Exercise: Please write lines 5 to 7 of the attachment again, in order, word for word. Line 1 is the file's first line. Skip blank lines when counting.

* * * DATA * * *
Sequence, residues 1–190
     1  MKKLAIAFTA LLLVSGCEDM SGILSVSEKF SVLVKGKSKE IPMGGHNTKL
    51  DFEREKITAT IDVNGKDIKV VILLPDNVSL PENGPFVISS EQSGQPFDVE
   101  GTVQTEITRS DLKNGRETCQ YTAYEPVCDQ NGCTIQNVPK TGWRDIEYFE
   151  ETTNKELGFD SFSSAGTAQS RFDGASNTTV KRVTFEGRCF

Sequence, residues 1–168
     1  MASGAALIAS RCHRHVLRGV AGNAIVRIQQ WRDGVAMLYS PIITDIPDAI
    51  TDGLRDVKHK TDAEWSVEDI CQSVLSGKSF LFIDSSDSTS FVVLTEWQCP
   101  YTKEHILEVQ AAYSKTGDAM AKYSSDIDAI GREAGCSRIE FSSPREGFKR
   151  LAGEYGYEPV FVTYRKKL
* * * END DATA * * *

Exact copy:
   151  ETTNKELGFD SFSSAGTAQS RFDGASNTTV KRVTFEGRCF

Sequence, residues 1–168
     1  MASGAALIAS RCHRHVLRGV AGNAIVRIQQ WRDGVAMLYS PIITDIPDAI